VOLUME 25 #2

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The perfect segue

an image of the book cover

OUR FACULTY | “Here’s the formula for a long, rewarding and frankly exhausting career in academia: Teach two or three classes of 70-300 students apiece every semester. Mix in multiple turnovers in university leadership, radical leaps in scientific progress and the ceaseless demands of research. Repeat your teaching schedule for two semesters each year—then keep that up for 50 years.

Sum it all up, and the results of this volatile mixture might unsettle even a chemistry professor:

  • • In that time, you have taught roughly 46,000 students, give or take a wayward freshman or two.
  • • You have overseen more than 8,000 sessions of class, each with its countless individual episodes of diligence and inattention, excellence and excuses, brilliance and lassitude.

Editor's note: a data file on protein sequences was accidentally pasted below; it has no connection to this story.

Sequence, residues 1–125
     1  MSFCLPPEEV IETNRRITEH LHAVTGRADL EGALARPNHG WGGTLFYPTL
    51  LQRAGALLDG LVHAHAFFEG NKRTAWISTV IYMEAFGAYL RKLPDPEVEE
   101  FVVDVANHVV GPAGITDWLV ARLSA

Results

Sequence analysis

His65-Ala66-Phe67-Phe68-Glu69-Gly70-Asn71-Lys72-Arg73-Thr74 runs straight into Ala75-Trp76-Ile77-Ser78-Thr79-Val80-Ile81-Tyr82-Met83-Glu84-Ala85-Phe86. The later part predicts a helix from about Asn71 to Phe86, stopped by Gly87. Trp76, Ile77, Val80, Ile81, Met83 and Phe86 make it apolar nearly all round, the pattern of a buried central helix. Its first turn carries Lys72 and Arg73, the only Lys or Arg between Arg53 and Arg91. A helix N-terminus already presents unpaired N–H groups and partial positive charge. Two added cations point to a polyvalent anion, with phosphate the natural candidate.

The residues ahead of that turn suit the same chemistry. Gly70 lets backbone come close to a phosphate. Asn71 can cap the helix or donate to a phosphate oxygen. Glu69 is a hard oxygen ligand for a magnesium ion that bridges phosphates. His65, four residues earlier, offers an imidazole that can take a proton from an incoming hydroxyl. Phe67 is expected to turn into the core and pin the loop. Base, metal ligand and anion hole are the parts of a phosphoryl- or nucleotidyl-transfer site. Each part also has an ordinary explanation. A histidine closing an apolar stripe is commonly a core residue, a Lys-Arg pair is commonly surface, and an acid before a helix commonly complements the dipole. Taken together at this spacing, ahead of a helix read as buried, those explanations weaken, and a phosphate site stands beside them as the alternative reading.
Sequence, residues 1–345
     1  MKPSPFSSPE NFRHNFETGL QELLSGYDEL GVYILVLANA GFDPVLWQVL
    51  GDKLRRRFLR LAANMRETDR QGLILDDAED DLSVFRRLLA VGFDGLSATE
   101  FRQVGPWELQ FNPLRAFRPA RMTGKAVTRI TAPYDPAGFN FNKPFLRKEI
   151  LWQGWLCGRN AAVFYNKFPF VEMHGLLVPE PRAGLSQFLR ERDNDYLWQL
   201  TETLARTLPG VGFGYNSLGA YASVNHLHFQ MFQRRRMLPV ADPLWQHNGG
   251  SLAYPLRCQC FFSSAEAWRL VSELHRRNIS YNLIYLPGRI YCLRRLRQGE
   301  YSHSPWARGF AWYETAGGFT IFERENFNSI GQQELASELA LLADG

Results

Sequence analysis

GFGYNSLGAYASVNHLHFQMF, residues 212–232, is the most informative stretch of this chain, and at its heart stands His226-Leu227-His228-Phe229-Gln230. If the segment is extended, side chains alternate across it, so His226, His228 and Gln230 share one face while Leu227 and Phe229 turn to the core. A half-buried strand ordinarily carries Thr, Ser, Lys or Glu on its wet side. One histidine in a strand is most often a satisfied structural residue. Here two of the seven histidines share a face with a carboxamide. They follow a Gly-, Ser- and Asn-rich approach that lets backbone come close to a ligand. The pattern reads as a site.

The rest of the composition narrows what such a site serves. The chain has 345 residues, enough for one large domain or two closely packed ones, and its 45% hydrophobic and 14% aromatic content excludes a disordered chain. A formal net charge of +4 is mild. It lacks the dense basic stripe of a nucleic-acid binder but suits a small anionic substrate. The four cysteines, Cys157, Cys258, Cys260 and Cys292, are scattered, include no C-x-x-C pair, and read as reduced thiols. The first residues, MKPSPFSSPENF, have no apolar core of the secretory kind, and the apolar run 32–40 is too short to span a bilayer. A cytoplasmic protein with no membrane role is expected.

• • Along the way, you could very well find yourself teaching your students’ now-college-age children, and then their children as well.
  • • In the end, you will, inevitably, be very, very tired.

Prof. Burnaby Munson sure is. The adorably irascible, Segway-riding, snack-loving, near-legendary UD chemistry professor and Honors Program pioneer is so tired, that this spring he finally did something he’s threatened to do for at least a decade: Retire.

Of course, in this wry 84-year-old’s mind, the concept of retirement seems to include hanging around into the current school year, “in case there’s things I’m needed for,” in which case the students of the Honors Program are surely pleased.

“The teaching and working with students has been the main reason for staying. It’s fun to watch the freshmen, to see how much they grow, to see them become independent. As they become more confident, you sit back and watch.”

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